Arsenal fought back to earn a 1-1 draw against Benfica in the Europa League last-32 first leg.
The Gunners should have scored more than once in the opening stages but the biggest missed chance was, improbably, Pierre-Emerick Aubameyang side-footing wide from close range.
Benfica didn’t have too many chances in the first half despite plenty of possession, though Granit Xhaka almost gifted them an equaliser in the closing stages – only for Alejandro Grimaldo to fail to take advantage. Less than 10 minutes after the restart they were ahead, however, Pizzi scoring a penalty after Emile Smith Rowe handled in the box.
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An immediate response saw Bukayo Saka equalise from close range, before Aubameyang spurned another couple of big openings to give his team the lead and both sides settled for a draw ahead of the second leg next week.
Here are five things we learned from the match.
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Arsenal have been so inconsistent this season that it’s basically impossible for them to ‘target’ winning anything. The last eight games across all competitions are an indication of that: three wins and as many defeats, despite a four-game win streak before that – which itself came on the back of one win in six. It’s just that type of campaign.
Here, though, Mikel Arteta made it quite clear that he’s going all-in to stay in the Europa League, probably seeing it as the Gunners’ only real route back into European competition next season.
They were at full strength with the available players, an unchanged line-up from the win over Leeds, and perhaps the manager will feel largely vindicated after Arsenal edged the game on chances created and hit the away goal to be favourites at the start of the second leg.
After a few games working his way up to fitness and earning a place in the team, Martin Odegaard now quickly looks an immovable part of the furniture.
He was comfortably the Gunners’ biggest threat in terms of creating chances, getting the team on the front foot and keeping Benfica’s back three guessing where he was going to appear and which way he’d slide the ball in, with his close control and willingness to beat players on the run every bit as impressive as his end pass.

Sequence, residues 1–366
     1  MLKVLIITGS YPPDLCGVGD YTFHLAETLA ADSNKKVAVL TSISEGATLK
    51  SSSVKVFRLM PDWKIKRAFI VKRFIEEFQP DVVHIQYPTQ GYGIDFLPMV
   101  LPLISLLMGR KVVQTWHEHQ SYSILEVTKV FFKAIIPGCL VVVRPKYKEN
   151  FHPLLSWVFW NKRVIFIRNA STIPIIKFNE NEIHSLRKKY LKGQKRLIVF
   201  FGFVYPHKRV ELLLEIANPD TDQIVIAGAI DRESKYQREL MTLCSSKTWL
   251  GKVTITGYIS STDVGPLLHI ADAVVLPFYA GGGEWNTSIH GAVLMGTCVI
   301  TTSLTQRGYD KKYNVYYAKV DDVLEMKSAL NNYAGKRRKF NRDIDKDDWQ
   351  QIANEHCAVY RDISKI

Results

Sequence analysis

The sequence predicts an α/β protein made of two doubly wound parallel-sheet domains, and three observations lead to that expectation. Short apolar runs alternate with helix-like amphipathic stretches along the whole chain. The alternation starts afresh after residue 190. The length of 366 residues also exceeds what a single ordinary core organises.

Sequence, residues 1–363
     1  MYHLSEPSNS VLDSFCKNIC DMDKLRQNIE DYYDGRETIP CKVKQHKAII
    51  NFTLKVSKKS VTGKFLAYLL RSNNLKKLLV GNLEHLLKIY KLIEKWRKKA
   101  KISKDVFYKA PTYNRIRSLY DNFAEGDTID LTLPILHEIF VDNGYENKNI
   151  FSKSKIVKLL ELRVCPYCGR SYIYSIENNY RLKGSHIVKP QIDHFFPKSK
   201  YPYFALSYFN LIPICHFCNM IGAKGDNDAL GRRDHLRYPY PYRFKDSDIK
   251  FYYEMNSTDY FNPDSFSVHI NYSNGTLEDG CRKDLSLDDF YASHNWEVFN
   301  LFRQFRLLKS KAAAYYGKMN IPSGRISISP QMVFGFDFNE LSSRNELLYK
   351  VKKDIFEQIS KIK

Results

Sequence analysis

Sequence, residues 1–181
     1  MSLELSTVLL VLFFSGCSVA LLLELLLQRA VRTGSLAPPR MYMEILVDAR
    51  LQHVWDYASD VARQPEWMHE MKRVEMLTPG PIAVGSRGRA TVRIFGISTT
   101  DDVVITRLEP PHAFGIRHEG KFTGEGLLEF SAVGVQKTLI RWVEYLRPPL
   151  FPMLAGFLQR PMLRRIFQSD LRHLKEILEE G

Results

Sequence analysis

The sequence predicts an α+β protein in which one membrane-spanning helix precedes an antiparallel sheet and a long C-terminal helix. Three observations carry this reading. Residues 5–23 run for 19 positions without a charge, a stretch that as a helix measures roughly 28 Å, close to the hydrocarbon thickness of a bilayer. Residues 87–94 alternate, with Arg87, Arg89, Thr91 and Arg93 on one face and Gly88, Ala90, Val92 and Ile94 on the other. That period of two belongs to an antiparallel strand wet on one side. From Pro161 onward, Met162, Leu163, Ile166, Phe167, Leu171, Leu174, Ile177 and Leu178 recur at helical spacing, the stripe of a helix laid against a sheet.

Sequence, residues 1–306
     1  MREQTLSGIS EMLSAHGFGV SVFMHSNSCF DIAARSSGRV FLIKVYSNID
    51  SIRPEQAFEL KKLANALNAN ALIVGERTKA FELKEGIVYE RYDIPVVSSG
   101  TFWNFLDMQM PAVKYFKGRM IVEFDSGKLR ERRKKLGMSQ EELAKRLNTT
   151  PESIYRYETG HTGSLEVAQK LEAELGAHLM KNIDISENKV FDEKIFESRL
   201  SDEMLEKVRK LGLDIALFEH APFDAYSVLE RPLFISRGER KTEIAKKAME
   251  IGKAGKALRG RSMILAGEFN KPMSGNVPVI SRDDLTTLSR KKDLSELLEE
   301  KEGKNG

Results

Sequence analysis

Cedric claimed the assist for the equaliser, but it was again the Norwegian who found the space and the rapid timing of his pass to free the left-back for a routine cross into Saka.
Fans will already be wishing they had been able to negotiate a buy clause in the loan deal, but his future is rightly well above this level.
The Portuguese side are far from out of this tie, but it should be noted they are well below their best this term and Arsenal must be extremely confident about progressing in the second leg.
Just 11 wins in 19 games domestically leaves them fourth in the table – 13 points off Lisbon rivals Sporting CP, who lead the Liga NOS.
For context, the last time Benfica finished outside the top two in the league was 2009, well over a decade ago.
This is far from a vintage version of this famous side – like Arsenal themselves, in fairness – and, in the second leg in Athens, the Gunners must make sure they take advantage of having the away goal and their opponents being under far greater constant pressure than Arteta’s team have been.
After five games out through injury, Scottish defender Kieran Tierney made his comeback for the Gunners in the second half, coming off the bench for the final half-hour.
It has been remarked upon in several quarters that the Gunners not only missed his tenacity in their own half of the pitch, but also his on-the-ball quality and vision in attack.
A little rustiness was to be expected, but he also showed signs of the clever link play he’s capable of and good energy levels.
Similarly, Gabriel Martinelli played his first Europa League game of the season, appearing off the bench for the first time in four games. There’s so much more to come from him once full fitness is reached and he could play a crucial role in this competition – if the Gunners progress.
Big calls required
The Europa League, with its extra knock-out round compared to the Champions League, sees the second leg played just one week from now. It means a non-stop run of high-stakes games, with Arsenal facing Manchester City in the league at the weekend.
Arteta has a big call to make: City are in outrageously good form, so is it worth resting one or two players to stay fresh for Europe, where Arsenal have more chance of having a meaningful end to the season?
An admission of defeat in the team-sheet isn’t a good look, but it might be time to get practical in this fractured and frustrating campaign. Even beyond the second leg, it’s Leicester next in the league, so the matches won’t be getting any easier any time soon.
Arsenal’s season, and the manager’s progress 18 months into the job, will likely be determined in large part by the calls he makes over the next 10 days or so.
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